Several months ago, the New Hampshire Supreme Court reviewed and reversed a decision out of Manchester Family Division granting a RSA 173-B domestic violence abuse protection restraining order to a former spouse whose former husband texted her “Whatever. Wish you die in a fiery crash.”

The lower court found this sufficient to issue a final restraining order, considering the text criminal threatening, because, as an auto mechanic, he had worked on her car and knew where she lived.

The Supreme Court did not agree, holding that she had not proved that he sent the text with the purpose of terrorizing her. Nor did he ever threaten to tinker with her car or start a fire.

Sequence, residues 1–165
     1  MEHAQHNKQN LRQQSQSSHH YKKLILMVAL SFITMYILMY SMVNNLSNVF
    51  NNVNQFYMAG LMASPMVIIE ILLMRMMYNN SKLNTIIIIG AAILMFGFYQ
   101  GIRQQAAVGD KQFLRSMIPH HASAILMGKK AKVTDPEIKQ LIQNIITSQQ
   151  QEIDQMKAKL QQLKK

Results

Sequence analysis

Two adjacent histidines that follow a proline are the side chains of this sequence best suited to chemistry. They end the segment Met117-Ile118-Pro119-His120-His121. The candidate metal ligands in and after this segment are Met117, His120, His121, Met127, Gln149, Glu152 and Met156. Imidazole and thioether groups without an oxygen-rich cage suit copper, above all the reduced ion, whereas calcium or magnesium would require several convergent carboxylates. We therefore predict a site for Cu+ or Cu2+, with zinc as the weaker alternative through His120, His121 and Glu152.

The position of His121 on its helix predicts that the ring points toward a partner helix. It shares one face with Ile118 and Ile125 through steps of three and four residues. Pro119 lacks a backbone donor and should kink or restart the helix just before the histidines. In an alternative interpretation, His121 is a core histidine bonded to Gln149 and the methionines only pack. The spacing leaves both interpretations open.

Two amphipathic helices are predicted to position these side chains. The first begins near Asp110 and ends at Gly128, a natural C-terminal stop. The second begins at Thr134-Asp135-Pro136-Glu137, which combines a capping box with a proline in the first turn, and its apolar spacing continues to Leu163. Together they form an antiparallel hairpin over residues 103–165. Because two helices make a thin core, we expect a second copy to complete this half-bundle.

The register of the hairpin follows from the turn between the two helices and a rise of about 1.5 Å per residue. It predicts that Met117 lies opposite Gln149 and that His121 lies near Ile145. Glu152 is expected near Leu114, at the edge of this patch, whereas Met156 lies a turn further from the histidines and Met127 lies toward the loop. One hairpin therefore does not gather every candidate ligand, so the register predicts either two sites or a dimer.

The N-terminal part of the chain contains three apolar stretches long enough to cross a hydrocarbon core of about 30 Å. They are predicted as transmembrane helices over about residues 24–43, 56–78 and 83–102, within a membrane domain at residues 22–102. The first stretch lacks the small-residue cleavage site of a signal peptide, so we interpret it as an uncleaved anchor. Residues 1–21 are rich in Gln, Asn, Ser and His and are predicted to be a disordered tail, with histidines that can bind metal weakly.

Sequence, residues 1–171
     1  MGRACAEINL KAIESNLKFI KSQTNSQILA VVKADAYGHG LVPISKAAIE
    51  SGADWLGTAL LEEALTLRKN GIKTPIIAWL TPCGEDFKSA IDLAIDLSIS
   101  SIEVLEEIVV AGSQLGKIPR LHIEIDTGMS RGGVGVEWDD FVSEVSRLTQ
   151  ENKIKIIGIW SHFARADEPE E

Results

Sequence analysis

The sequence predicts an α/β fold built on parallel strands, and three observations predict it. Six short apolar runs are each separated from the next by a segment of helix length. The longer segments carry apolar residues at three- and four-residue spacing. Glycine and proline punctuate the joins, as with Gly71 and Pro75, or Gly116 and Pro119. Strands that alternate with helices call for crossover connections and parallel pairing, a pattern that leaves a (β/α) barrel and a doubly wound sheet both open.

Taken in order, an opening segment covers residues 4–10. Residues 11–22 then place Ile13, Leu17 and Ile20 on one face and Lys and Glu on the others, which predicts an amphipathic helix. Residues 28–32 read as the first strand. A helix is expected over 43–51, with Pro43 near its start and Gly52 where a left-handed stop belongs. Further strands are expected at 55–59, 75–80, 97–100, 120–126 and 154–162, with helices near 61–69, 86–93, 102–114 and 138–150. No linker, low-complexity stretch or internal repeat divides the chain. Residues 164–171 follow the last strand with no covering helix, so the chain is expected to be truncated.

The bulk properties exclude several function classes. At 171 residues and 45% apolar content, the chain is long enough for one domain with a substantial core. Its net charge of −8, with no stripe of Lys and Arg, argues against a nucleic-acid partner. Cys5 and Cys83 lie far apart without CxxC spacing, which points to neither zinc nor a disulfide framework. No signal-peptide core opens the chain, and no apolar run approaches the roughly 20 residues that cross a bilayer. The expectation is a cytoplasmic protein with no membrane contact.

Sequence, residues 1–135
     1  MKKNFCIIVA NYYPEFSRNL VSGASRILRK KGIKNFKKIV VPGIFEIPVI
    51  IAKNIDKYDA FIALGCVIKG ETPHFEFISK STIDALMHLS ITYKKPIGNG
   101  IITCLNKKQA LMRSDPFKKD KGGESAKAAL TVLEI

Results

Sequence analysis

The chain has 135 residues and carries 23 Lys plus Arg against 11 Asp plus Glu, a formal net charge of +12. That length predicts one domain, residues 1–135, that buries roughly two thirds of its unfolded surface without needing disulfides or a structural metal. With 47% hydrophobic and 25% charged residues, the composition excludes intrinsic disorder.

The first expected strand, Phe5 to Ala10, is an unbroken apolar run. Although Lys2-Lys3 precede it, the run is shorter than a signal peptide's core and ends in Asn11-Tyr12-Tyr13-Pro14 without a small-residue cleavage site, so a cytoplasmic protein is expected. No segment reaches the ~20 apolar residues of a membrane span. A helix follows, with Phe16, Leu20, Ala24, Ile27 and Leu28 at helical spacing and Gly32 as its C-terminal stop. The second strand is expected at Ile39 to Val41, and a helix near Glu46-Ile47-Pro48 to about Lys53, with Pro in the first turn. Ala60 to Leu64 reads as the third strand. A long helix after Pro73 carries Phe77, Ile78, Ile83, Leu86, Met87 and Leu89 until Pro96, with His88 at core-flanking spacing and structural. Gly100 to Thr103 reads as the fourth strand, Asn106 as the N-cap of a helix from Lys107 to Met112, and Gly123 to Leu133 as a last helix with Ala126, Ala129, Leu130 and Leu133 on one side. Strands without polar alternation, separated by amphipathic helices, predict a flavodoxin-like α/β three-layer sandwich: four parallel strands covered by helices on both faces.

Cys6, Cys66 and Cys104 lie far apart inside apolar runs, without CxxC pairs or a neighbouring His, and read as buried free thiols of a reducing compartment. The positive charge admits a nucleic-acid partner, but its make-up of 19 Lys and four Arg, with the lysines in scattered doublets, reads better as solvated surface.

The text, although ill advised, was mere transitory anger, not a threat to commit a crime.

I’ve tried a lot of these cases, representing both plaintiffs and defendants, in Massachusetts and New Hampshire. In Massachusetts, they are called 209A.